7. New and Improved

by Jason Bovberg, [email protected]

Wirelessly Distribute Video and Audio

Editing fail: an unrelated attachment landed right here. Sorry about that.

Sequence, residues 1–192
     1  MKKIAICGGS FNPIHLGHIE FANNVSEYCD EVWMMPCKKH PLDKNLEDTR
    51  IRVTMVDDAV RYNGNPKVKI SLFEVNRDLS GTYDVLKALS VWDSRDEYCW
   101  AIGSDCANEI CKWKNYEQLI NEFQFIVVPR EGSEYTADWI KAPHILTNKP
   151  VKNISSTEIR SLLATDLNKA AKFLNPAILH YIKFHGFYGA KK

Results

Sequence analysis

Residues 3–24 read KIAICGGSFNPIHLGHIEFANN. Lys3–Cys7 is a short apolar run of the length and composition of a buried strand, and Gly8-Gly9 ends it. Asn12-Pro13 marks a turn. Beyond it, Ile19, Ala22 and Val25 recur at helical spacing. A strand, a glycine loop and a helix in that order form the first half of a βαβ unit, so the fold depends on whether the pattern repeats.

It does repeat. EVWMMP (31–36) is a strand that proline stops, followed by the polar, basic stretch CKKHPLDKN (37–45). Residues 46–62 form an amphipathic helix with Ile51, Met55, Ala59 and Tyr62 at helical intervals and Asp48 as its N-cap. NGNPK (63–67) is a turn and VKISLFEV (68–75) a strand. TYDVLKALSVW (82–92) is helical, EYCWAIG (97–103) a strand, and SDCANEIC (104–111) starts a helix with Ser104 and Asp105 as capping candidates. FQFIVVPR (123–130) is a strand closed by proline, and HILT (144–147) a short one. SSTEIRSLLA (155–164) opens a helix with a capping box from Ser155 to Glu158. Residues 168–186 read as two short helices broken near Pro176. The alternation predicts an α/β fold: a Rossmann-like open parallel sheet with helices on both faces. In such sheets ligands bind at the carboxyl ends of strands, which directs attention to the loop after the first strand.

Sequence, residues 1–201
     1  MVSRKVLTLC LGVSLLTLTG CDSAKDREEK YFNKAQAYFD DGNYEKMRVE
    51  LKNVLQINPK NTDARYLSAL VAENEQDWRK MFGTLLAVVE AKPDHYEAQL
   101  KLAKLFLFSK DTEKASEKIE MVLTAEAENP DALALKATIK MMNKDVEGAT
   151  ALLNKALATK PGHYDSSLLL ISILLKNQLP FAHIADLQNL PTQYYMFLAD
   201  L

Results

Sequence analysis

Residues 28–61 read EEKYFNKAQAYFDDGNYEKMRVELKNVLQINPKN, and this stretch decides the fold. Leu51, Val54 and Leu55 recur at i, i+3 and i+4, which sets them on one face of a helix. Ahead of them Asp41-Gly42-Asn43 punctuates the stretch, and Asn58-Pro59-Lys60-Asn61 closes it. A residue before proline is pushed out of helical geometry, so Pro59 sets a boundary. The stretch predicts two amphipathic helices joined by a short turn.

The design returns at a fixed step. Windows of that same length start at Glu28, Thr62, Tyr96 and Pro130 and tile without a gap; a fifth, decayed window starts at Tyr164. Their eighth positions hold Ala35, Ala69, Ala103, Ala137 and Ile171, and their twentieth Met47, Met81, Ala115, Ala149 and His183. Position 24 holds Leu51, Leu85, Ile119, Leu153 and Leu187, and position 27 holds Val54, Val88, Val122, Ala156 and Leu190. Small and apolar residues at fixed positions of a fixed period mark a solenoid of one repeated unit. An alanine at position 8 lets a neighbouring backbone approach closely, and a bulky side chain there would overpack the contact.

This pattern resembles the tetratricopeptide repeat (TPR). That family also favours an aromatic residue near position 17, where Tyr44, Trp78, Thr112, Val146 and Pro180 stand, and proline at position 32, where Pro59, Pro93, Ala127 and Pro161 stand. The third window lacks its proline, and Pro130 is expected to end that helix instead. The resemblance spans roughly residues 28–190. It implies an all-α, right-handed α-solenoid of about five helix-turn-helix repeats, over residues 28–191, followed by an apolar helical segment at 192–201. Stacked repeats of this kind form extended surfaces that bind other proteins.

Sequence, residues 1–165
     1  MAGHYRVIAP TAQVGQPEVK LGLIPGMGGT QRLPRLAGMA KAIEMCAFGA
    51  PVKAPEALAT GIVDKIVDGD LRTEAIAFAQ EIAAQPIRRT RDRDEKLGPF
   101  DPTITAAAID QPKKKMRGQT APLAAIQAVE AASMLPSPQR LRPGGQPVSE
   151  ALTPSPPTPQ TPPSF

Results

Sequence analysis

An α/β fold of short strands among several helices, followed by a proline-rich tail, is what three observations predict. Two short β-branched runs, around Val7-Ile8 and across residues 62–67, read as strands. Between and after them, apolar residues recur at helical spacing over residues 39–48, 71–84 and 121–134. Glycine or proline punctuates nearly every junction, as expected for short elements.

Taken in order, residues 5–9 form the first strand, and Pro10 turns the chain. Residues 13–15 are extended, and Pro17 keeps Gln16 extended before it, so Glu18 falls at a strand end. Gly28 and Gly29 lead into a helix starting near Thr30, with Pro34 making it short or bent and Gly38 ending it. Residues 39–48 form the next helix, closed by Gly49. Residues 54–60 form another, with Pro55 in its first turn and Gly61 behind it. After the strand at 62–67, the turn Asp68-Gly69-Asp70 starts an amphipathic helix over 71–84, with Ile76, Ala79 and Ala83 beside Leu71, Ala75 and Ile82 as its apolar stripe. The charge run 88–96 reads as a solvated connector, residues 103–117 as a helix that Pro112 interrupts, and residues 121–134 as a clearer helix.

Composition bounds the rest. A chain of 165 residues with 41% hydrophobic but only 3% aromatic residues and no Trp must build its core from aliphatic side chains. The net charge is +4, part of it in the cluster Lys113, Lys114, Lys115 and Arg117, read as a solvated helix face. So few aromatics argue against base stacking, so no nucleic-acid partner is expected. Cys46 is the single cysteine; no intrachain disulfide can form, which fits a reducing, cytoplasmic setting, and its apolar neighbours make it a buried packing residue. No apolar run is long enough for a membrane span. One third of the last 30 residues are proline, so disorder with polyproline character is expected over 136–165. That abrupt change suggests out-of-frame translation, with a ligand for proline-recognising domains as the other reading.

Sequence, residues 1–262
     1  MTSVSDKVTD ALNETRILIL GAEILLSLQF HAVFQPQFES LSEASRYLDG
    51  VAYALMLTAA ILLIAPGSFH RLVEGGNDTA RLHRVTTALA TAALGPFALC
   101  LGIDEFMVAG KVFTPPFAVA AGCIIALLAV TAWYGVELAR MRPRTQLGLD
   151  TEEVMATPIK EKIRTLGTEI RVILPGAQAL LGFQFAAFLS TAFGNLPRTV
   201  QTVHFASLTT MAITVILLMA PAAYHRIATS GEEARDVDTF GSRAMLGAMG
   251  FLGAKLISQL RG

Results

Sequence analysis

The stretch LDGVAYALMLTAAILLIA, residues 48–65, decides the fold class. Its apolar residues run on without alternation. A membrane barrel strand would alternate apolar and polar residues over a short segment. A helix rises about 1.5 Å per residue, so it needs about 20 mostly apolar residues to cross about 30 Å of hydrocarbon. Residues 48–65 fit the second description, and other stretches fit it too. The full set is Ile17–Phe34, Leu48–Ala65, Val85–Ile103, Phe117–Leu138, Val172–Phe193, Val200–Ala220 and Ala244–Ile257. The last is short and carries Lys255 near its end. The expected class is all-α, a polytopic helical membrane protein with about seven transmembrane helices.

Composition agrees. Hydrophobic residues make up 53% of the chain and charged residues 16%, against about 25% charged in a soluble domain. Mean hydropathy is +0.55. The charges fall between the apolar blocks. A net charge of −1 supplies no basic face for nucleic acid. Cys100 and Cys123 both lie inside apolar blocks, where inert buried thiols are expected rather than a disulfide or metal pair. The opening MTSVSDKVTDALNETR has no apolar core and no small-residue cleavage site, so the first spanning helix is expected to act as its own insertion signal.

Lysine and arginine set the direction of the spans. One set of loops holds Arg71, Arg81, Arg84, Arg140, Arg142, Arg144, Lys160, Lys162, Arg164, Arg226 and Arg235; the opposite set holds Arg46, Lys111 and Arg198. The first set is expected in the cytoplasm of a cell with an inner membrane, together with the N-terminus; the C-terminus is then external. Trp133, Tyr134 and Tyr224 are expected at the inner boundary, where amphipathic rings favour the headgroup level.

SMC Networks announced the EZ-Stream line of home entertainment networking products. The EZ-Stream line wirelessly distributes audio, pictures, and streaming video throughout the home. The EZ-Stream Universal Wireless Multimedia Receiver is a high-end networked entertainment server that streams, plays, and shares audio (including Internet radio), pictures, and video. The receiver can access Internet resources; access music, photos, and videos stored on a computer's hard disk; and link to entertainment devices, including TVs and stereo receivers, through standard audio/video (A/V) connectors. The line's EZ-Stream Digital Media Networking products employ wireless 802.11a/g technology for universal compatibility. For pricing information, contact SMC Networks at 800-762-4968 or on the Web.